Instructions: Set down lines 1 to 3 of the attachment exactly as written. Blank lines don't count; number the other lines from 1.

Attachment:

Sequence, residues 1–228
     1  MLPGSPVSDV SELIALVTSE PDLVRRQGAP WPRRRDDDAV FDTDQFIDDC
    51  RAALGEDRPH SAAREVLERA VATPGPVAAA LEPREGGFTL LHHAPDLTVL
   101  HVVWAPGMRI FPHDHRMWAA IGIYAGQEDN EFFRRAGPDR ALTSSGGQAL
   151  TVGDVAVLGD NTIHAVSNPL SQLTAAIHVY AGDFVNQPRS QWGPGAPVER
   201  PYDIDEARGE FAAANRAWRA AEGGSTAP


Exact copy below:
Sequence, residues 1–228
     1  MLPGSPVSDV SELIALVTSE PDLVRRQGAP WPRRRDDDAV FDTDQFIDDC
    51  RAALGEDRPH SAAREVLERA VATPGPVAAA LEPREGGFTL LHHAPDLTVL